Women and their Involvement in World War II Women had a huge role in the World War II that so many do not recognize. Women were involved in many different jobs that allowed them to step out of the ordinary norm as the “typical housewife”, and dive into fierce hardworking jobs that until then only a man could do. Women jumped into the factories and many different roles that contributed to World War II, because the need for more American workers was crucial.
Women in the Workforce: From World War II to Present Undeniably, the outlook of women in the workforce changed following the advent of World War II. Traditionally, the role of caretaker of the house and home was assigned to the woman. Society and institutions facilitated, accepted and supported this way of
One of the most important roles that women played, were the increasing large amount of female soldiers fighting in the war. These roles gave women the right to work and serve in armed forces. The jobs that women took part in during this time period made a huge difference in the war, and in turn, WW2 helped expand women’s
The country had no choice but to have the women in the factories. They needed their help and were not going to complain about it. They knew with extra hands that, that was going to be an easier way to win the war. The government called on to the women and without hesitation, they went. They answered to whatever work that needed to be done. They worked a 52 hour week at 68 cents per hour. They were all prepared and knew that their “summer jobs” would end soon. There work dominated their nights and days. Most of their work was outdoors as well. Even though some women would much rather be at home helping there families other ways they still managed to get their other job complete as well.
During the Second World War, both married and unmarried women worked in wartime industries and factories to take the place of men who joined the service. Although women didn’t play a significant role on the battlefields in Europe compared to males, it would be logical to conclude that women played an integral role in the participation and victory in WWII both at home and abroad. Yet when one considers their contribution, it is hard to imagine how much more they could have done given the conservative views of gender role at that time. In the context of traditional gender roles and boundaries, women conceivably maximized their wartime efforts by working in a variety of jobs including industry, volunteering, and serving as support staff for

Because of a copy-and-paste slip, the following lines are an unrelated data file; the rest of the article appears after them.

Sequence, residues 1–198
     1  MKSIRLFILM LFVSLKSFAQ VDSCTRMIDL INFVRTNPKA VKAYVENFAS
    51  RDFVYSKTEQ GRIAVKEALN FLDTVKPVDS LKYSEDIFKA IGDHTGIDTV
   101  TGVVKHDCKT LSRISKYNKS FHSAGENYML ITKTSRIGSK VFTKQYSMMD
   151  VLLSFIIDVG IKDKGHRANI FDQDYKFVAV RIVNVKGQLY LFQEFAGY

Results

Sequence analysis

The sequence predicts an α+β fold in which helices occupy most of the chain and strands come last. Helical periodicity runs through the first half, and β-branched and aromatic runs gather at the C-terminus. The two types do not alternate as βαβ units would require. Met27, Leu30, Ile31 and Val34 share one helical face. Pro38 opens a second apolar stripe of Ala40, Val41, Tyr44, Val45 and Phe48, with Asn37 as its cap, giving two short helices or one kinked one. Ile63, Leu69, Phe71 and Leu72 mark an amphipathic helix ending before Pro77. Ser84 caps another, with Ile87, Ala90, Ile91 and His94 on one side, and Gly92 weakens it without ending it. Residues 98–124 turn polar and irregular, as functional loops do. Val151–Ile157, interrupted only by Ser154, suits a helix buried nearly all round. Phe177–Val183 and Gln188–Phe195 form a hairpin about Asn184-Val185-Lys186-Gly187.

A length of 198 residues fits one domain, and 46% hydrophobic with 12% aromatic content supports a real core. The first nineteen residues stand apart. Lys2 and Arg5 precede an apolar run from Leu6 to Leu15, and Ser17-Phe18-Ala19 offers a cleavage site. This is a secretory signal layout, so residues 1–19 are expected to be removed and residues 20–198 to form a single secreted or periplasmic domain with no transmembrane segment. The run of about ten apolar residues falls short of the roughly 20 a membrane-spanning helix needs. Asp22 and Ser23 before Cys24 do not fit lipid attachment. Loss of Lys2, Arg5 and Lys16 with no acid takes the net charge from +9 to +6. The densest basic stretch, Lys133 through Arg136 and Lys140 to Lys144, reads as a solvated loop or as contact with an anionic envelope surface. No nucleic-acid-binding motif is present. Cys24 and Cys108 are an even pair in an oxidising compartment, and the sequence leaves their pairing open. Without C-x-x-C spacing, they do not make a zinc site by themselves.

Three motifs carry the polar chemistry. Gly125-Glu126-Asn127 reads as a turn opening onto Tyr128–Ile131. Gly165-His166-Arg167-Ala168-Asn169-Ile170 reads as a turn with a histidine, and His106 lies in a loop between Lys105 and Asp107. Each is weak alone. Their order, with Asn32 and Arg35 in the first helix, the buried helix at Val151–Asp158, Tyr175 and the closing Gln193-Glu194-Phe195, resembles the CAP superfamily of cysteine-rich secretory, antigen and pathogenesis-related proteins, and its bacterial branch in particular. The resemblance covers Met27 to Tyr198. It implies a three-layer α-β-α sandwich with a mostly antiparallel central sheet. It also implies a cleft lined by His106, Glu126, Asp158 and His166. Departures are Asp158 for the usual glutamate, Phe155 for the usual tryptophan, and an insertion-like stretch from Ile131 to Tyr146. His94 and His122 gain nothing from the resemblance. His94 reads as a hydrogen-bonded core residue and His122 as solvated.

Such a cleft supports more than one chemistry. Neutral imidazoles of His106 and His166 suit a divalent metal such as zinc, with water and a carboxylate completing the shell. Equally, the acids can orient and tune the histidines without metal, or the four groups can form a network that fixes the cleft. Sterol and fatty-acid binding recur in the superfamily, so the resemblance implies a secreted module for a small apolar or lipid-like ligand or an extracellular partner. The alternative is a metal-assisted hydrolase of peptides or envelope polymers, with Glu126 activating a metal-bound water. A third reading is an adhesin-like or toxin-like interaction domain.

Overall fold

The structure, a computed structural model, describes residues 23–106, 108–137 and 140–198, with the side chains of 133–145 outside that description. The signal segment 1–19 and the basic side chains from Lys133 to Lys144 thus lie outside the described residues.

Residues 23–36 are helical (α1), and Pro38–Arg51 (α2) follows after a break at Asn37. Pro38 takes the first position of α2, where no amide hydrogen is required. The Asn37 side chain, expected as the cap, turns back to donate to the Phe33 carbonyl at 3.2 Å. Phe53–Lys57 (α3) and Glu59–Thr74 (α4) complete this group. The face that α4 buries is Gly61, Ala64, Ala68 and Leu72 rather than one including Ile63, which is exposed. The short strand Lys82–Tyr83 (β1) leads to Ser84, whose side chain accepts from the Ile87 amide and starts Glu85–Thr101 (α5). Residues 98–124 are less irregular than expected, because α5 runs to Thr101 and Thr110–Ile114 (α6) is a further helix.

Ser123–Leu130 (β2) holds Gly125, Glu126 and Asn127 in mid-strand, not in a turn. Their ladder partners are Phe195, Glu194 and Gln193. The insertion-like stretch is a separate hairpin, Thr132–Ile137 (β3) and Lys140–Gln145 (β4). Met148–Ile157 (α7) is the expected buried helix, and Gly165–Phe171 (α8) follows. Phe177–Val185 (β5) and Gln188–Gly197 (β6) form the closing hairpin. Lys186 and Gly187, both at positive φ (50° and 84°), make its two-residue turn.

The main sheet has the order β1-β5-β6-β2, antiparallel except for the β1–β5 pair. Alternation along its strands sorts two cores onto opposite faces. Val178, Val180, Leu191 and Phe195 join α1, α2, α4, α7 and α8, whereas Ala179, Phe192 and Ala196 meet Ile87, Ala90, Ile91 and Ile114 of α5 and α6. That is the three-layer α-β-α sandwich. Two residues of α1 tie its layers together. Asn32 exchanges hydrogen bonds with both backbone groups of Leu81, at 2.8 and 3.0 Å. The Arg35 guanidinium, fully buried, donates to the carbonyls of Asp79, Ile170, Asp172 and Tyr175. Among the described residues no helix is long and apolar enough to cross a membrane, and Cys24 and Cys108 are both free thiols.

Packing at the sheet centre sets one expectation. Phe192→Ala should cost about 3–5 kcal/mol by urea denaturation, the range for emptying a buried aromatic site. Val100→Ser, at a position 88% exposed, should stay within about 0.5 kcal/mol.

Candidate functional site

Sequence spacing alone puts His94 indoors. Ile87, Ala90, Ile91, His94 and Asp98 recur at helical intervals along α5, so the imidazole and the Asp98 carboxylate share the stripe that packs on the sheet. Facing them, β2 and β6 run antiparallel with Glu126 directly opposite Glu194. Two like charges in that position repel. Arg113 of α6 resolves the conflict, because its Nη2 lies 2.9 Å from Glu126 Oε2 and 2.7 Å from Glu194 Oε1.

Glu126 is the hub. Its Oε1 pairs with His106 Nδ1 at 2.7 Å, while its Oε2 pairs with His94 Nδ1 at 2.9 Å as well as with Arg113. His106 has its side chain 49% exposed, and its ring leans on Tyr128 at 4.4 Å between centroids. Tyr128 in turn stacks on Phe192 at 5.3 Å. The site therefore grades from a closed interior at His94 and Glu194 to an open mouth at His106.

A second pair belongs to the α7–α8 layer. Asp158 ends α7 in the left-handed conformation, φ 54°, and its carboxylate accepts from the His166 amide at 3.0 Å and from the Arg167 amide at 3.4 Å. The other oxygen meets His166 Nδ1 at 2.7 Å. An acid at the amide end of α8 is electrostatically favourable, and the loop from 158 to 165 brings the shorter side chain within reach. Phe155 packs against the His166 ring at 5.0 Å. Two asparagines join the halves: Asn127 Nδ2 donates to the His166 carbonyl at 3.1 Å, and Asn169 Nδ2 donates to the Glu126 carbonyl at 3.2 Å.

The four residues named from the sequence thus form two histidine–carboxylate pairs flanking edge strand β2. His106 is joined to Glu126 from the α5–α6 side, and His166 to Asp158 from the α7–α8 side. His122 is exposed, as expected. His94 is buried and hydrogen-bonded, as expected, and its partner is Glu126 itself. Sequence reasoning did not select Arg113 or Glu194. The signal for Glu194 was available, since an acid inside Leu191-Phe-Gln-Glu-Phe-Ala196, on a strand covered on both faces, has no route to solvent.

D2, B2 • With so many men away fighting in the war, women were eventually given the chance to work in men’s roles.
The lives of American women changed with the presence of new job opportunities. Previous to this time in history, women were given jobs that seemed traditional. For instance, housewives and those who take care of domestic affairs. However, soon after America’s entry to WWII, this began to change. It was
American Women Prior to WWII, American women would typically stay home. They cooked and cleaned, but all this soon changed. Once the U.S. officially entered World War II on December 7, 1941, following Pearl Harbor, many men were sent to fight. Since men were the main workforce, there was a lack of employees to complete the jobs left behind. Soon, however, these vacant spots would be replenished by a female workforce. Companies sent out propaganda in an attempt to convince women to work in previously “male” jobs. One such propaganda was “Rosie the Riveter”. Eventually, the amount of women working increased from 27% to 37%, and sixty-five percent of the aircraft industry was made up of women, by 1943. (History.com, American Women in World War II).Now, women not only worked at home, but on the battlefield as well. Approximately 350,000 women enrolled in the Armed Forces, and 100,00 became WACS(Women’s Army Corps). Nevertheless, these women at work, on the battlefield or at home, were not paid the same amount of money as the men who previously worked in these jobs. (History.com, American Women in World War II).